Thursday, September 8, 2016

Are companies such as Amazon, Apple, and Google morally bankrupt because of their attempts to minimize their income tax?


Absolutely not. 
 
There is a deep underlying problem here. And that problem is called ‘The Income Tax’. Taxing income is the worst sort of tax that there is. First, it is impossible to define ‘income’ consistently because it is typically considered to be 'gross income minus expenses'. But what is an expense? In the United States a Realtor can subtract the cost of car travel from his income. But someone who drives to work and back home cannot. What’s fair

It’s so difficult to determine what’s fair that the income tax code in the US is more than 2,000,000 words long. There’s not a single person in the world who understands it. 

The worst thing about it is that it gives almost everyone the idea that just because a person or company earns lots of money, they owe you, me, the country, or the world, money. And why is that? There is no moral reason that they should be taxed just because they earned money. 

One could more easily argue the opposite: those individuals and companies that earn money do so because they are providing a product or service that people want. 

Rather than tax them on their profits, we should be thankful for such companies, because of the jobs and services that they provide. But an income tax punishes them.

Rather than be envious (a sin) that an honest person or company is prosperous, we should be happy that they were rewarded for their efforts to provide us with their service. And then we might be motivated to work harder, earn more money, and enjoy the fruits of our labor. 

I'm glad Apple has a presence in Ireland to try to minimize their income tax. When the income tax rate is 0% for all, I’ll be happy.

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You might ask, “But we need taxes, so what’s a good alternative?” We do need taxes, but they need to be moral taxes. 

And what taxes are moral? Taxes are moral if they are essentially ‘user fees’ for the use of some government provided service. 

For example, a road tax, that charges per mile traveled per weight of a vehicle, is a fair tax. It is a tax that pays for the amount of road used up by a vehicle.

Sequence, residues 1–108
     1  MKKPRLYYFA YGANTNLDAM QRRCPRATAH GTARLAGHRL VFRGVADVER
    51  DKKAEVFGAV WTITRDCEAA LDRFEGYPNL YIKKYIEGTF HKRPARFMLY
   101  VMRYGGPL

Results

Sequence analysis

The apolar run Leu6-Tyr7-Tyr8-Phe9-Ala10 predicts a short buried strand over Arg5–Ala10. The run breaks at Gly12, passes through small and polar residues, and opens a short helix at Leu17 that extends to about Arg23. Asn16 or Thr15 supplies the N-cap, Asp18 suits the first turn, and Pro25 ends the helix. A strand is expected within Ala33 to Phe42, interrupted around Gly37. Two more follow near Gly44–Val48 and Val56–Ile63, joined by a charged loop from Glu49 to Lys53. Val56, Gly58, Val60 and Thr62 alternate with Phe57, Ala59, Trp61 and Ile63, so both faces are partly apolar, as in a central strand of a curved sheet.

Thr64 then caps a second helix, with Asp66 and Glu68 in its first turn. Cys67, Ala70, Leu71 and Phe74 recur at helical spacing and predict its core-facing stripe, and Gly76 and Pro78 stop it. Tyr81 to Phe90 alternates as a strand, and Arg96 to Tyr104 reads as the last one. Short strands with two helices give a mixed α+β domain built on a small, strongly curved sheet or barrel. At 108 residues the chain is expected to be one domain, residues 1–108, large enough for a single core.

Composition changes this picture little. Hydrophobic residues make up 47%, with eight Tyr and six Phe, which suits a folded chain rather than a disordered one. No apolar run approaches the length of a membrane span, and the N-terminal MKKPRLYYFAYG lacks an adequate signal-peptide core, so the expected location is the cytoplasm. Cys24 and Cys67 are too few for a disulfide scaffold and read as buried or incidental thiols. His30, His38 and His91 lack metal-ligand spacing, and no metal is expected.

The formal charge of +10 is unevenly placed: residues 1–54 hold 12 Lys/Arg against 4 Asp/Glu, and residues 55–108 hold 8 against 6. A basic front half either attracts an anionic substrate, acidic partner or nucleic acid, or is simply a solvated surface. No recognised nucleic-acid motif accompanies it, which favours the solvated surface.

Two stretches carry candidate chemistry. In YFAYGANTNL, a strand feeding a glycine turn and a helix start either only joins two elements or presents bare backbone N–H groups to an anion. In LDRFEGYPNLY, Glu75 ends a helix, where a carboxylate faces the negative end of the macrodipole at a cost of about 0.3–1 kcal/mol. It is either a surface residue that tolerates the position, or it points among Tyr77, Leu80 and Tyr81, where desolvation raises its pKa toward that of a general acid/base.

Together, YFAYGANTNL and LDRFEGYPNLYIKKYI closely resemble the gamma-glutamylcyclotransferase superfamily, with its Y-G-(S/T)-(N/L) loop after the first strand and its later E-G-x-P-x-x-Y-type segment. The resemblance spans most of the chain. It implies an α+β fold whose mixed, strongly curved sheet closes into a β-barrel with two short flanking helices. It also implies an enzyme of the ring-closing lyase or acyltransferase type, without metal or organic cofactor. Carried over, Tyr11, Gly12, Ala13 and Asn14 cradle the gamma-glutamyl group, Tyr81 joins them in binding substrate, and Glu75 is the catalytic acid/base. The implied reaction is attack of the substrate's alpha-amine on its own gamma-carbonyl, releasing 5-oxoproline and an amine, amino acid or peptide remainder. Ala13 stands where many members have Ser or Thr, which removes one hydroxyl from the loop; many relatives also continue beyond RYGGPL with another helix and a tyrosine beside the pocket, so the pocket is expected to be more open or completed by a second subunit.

A land tax charged for the private use of land is also a fair tax. Because the owner of land did not create the land, it is appropriate to charge a monthly or yearly land tax, so that the land owner compensates the rest of us for the fact that the owner is given control over that land. 

One last example is a natural resource tax on those companies that extract scarce natural resources from the ground. For example, a company might gain the right to extract bauxite, an ore of aluminum, so that they can refine it and sell the aluminum. This is good because aluminum is a metal we need. And it is appropriate to charge a tax per ton of aluminum extracted, because the company did not create the aluminum. So again, the tax compensates the rest of us for the right to extract a natural resource.

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Let's get rid of the immoral and unworkable income tax, and replace it with taxes that are moral, and that do not discourage the creation of a product or service.




Tim Farage is a Senior Lecturer in the Computer Science Department at The University of Texas at Dallas, and a former Professor of Mathematics. The views expressed herein are those of the author. Some of his main interests are in online education, and the reconciliation between science and spirituality. You are welcome to comment upon this blog entry and/or to contact him at tfarage@hotmail.com.

4 comments:

Anonymous said...

Our company decided not to invert our headquarters to a low tax country in Europe about 15 years ago. Maybe we should have.

Carroll said...

Tim, this is the best of your blogs that I have seen, in my view! It gave me a lot to think about.

Paul said...

Long time reader, first time commenter,

So taxes are complex, and while I understand your reasoning for moral vs unmoral taxes I think your unfairly siding with corporations on this argument. Apple didn't pick its site (of ireland) because the do not have a unmoral tax on income they placed in ireland to avoid paying taxes in general(specifically income). Is Apple still morally right if they relocate to a location with 0 property tax and mine/buy resources from other locations that don't charge a resource tax? Justifying taxes as moral/unmoral is perhaps the wrong stance to take with taxes. Being able to improves ones life is a motivation for itself. Taxes should be designed to be both partially equal and partially fair with this being a optimization equation in regards to getting enough money to pay for things required by government/people without unduly detrimentally charging any one group. Just my two cents (taxes will probably always be difficult but as part of the social contract you wanna play in the US you should be willing to pay the US etc.

Tim Farage said...

Paul,

I do agree that taxes are necessary. It's mainly the income tax that I have a problem with.

If Apple pays no income tax in Ireland that's fine with me. But if they pay no property tax, that would not be fair. Are you sure Apple pays no property tax in Ireland?

Tim

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